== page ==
Abstract: The anomalous Hall effect is investigated theoretically by means of density functional calculations for the non-collinear antiferromagnetic order of the hexagonal compounds Mn$_3$Ge and Mn$_3$Sn using various planar triangular magnetic configurations as well as unexpected non-planar configurations. The former give rise to anomalous Hall conductivities (AHC) that are found to be extremely anisotropic. For the planar cases the AHC is connected with Weyl-points in the energy-band structure, which are described in detail. If this case were observable in Mn$_3$Ge, a large AHC of about 900 S/cm should be expected. However, in Mn$_3$Ge it is the non-planar configuration that is energetically favored, in which case it gives rise to an AHC of 100 S/cm. The non-planar configuration allows a quantitative evaluation of the topological Hall effect that is seen to determine this value of the conductivity to a large extent. For Mn$_3$Sn it is the planar configurations that are predicted to be observable. In this case the AHC can be as large as 250 S/cm.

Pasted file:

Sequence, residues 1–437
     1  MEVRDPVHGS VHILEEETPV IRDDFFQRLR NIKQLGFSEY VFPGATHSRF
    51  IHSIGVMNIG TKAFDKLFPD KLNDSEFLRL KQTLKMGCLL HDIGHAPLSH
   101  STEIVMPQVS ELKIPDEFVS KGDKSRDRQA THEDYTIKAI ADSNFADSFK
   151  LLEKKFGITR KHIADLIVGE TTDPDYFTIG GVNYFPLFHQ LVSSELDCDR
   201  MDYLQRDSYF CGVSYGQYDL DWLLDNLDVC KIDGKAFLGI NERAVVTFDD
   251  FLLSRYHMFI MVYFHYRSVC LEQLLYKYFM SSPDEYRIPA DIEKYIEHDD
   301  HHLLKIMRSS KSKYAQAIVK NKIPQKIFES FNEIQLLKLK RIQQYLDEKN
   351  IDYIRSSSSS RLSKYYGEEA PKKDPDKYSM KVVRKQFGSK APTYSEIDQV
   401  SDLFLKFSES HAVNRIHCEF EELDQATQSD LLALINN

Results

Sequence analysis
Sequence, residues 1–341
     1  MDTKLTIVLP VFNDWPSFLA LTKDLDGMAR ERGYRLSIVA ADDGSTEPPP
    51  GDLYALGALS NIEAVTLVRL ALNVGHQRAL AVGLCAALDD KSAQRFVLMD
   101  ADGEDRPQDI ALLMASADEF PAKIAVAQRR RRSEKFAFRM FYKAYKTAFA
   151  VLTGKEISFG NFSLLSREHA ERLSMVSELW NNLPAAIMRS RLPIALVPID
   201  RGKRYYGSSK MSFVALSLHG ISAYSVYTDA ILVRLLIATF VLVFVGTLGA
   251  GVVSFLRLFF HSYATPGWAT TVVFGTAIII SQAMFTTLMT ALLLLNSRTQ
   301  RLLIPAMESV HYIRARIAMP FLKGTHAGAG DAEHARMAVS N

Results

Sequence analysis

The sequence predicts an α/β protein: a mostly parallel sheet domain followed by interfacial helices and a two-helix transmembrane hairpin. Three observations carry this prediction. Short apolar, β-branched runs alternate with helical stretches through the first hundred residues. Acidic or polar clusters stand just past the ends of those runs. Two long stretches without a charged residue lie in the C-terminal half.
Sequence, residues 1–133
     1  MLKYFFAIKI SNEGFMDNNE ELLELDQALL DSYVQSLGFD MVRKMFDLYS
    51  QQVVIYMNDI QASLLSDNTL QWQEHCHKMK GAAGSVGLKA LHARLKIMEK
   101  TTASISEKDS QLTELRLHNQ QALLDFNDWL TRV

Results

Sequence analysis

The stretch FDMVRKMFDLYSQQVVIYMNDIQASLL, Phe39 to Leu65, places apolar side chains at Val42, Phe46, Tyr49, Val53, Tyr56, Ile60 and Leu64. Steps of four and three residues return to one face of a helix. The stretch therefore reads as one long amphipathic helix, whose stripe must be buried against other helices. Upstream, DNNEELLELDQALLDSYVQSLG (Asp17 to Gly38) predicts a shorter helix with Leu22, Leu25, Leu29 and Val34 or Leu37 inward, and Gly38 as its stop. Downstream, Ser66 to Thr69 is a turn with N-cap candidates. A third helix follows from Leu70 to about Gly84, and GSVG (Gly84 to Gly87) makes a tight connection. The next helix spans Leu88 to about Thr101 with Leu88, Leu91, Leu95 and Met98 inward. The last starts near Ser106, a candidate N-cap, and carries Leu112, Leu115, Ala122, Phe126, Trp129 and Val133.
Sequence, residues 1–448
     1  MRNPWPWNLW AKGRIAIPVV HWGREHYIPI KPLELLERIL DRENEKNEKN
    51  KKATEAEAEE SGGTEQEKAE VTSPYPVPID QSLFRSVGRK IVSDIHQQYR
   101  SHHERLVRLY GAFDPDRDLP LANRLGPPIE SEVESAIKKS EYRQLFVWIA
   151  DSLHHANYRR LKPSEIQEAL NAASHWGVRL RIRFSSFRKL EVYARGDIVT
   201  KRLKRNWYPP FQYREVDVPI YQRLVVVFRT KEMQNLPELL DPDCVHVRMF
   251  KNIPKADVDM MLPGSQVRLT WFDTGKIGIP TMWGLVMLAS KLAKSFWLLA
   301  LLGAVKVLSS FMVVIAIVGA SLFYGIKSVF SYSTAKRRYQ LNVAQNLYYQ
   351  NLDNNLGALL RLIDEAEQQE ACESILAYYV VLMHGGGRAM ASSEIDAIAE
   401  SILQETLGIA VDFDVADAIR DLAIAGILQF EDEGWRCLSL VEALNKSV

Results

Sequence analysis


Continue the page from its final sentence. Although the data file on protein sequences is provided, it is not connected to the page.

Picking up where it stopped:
Graphene-like Dirac states and Quantum Spin Hall Insulators in the square-octagonal MX2 (M=Mo, W; X=S, Se, Te) Isomers
Yan Sun,Claudia Felser,Binghai Yan
Physics , 2015, DOI: 10.1103/PhysRevB.92.165421
Abstract: We studied the square-octagonal lattice of the transition metal dichalcogenide MX$_2$ (with $M$=Mo, W; $X$=S, Se and Te), as an isomer of the normal hexagonal compound of MX$_2$. By band structure calculations, we observe the graphene-like Dirac band structure in a rectangular lattice of MX$_2$ with nonsymmorphic space group symmetry. Two bands with van Hove singularity points cross each at the Fermi energy, leading to two Dirac cones that locates at opposite momenta. Spin-orbit coupling can open a nontrivial gap at these Dirac points and induce the quantum spin Hall (QSH) phase, the 2D topological insulator. Here, square-octagonal MX$_2$ structures realize the interesting graphene physics, such as Dirac bands and QSH effect, in the transition metal dichalcogenides.
Behavior of $\mathbf{Σ3}$ grain boundaries in \CISe\ and \CGSe\ photovoltaic absorbers as revealed by first-principles hybrid functional calculations
Hossein Mirhosseini,Janos Kiss,Claudia Felser
Physics , 2015,